Liberty, Equality, Power: a history of the American People 5/e



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Questions to consider:
1. What cultural differences obstructed mutual understanding between whites and Indians? Were these differences insurmountable? Might the whites' goal of assimilation have been accomplished more quickly and peaceably if they had accepted the retention of some Indian customs?

2. Based on Zitkla-Sa's excerpt, was Pratt's advice to "kill the Indian, and save the man" any less violent than the earlier practice of killing "Indian" and "man" alike? How traumatic was the experience of losing one's native culture? Did the means by which whites stripped Indian children of their culture aggravate the emotional violence of the process?

3. What does Captain Richard Pratt mean by “kill the Indian … and save the man”?
4. How does he justify the Americanization program at Carlisle, and why might some whites at the time consider his reasoning to be “enlightened”?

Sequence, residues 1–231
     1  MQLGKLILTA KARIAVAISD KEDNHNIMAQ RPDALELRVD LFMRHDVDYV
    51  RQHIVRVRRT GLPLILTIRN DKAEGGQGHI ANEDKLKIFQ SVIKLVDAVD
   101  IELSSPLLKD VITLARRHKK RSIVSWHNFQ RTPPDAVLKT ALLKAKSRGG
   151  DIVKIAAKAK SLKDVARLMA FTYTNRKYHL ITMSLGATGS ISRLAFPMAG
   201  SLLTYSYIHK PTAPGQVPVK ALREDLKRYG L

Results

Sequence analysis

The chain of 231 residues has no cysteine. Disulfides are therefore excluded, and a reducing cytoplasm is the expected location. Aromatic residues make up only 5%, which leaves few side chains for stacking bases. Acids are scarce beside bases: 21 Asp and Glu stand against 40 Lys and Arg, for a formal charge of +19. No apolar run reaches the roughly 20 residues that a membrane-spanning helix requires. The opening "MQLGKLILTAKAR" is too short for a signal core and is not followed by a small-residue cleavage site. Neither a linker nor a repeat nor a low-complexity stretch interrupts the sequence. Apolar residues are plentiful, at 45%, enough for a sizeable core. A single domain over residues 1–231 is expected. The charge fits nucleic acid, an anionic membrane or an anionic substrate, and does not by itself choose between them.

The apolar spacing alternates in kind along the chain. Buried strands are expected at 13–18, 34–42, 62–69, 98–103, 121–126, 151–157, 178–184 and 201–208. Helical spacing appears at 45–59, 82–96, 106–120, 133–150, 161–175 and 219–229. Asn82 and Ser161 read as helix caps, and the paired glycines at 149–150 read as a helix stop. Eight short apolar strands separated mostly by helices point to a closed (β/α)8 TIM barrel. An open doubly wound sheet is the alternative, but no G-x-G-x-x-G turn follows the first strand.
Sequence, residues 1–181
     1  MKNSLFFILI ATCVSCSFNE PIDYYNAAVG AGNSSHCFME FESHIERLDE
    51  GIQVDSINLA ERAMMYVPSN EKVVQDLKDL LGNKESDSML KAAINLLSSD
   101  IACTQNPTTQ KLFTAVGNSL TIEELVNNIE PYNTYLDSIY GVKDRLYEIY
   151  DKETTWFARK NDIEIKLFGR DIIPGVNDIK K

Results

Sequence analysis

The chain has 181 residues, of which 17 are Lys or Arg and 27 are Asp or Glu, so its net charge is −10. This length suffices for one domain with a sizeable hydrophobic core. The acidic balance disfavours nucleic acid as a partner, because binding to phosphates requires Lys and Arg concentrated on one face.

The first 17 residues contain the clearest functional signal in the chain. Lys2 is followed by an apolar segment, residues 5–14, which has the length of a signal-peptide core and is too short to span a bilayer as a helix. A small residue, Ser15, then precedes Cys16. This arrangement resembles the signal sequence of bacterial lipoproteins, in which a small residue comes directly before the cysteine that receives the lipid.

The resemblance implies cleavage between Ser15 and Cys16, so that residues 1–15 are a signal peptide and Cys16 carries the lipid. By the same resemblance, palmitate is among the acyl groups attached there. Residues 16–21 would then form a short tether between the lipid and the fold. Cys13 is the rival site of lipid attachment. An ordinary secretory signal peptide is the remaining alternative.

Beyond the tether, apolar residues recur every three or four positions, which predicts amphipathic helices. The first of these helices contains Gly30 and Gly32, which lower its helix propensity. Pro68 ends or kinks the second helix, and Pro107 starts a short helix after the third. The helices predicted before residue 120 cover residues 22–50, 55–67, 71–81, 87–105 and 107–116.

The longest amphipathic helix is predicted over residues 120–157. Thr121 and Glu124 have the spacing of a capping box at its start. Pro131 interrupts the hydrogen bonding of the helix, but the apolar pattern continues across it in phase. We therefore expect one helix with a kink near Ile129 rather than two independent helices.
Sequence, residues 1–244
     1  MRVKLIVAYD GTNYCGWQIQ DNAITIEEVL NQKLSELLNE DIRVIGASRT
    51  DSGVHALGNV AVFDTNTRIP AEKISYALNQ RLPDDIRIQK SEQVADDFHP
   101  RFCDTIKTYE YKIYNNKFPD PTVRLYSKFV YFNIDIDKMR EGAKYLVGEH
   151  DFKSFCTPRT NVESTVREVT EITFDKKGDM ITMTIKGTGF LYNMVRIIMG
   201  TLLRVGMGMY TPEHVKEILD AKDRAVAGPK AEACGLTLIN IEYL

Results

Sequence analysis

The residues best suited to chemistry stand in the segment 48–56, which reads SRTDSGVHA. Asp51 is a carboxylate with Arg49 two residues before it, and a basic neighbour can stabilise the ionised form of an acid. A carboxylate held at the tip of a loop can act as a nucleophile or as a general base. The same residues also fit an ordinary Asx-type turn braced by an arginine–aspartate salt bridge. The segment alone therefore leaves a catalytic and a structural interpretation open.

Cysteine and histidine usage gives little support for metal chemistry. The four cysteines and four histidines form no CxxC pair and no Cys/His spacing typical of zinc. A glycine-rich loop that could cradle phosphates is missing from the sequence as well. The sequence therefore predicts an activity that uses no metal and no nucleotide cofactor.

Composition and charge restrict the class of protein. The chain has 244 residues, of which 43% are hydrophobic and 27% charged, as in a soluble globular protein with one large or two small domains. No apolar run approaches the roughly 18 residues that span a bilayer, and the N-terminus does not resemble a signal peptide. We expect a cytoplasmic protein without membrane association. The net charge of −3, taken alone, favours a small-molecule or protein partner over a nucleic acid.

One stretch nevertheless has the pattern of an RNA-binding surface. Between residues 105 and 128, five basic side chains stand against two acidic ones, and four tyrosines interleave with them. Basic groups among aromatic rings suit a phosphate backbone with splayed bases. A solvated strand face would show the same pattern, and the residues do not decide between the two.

5. What effect do efforts at Americanization, in particular hair-cutting, have on Zitkala-Sa?
6. In your view, who is more “civilized,” Pratt or Zitkala-Sa?

Primary Source-Americanizing the Indian


1. What cultural differences obstructed mutual understanding between whites and Indians? Were these differences insurmountable? Might the whites' goal of assimilation have been accomplished more quickly and peaceably if they had accepted the retention of some Indian customs?

Your answer should include the following:


tribalism versus nationalism
• individualism versus communalism
• significance of seemingly superficial attributes such as clothing and hair
centrality of family
• cultural chauvinism--insistence on assimilation

2. Based on Zitkla-Sa's excerpt, was Pratt's advice to "kill the Indian, and save the man" any less violent than the earlier practice of killing "Indian" and "man" alike? How traumatic was the experience of losing one's native culture? Did the means by which whites stripped Indian children of their culture aggravate the emotional violence of the process?

Your answer should include the following:
reality of massacres
• trauma of cultural assimilaition
• loss of identity
• physical changes to Indian bodies accomplished through force (haircutting against Zitkla-Sa's will)
• disruption of Indian practices and communities
• rewards for successful assimilation--individual autonomy, property

U.S. History

Mr. Detjen

Source Analysis





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